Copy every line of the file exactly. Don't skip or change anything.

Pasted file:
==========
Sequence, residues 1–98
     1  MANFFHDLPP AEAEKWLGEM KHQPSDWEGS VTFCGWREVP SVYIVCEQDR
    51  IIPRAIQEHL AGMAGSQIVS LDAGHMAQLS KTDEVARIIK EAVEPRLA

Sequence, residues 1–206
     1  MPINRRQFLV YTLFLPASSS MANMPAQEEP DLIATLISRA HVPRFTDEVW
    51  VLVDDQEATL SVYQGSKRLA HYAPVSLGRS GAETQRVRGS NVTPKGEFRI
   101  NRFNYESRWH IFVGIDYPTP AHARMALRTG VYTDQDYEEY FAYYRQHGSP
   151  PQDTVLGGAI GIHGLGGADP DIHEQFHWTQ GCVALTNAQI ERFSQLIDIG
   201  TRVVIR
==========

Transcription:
Sequence, residues 1–98
     1  MANFFHDLPP AEAEKWLGEM KHQPSDWEGS VTFCGWREVP SVYIVCEQDR
    51  IIPRAIQEHL AGMAGSQIVS LDAGHMAQLS KTDEVARIIK EAVEPRLA

Sequence, residues 1–206
     1  MPINRRQFLV YTLFLPASSS MANMPAQEEP DLIATLISRA HVPRFTDEVW
    51  VLVDDQEATL SVYQGSKRLA HYAPVSLGRS GAETQRVRGS NVTPKGEFRI
   101  NRFNYESRWH IFVGIDYPTP AHARMALRTG VYTDQDYEEY FAYYRQHGSP
   151  PQDTVLGGAI GIHGLGGADP DIHEQFHWTQ GCVALTNAQI ERFSQLIDIG
   201  TRVVIR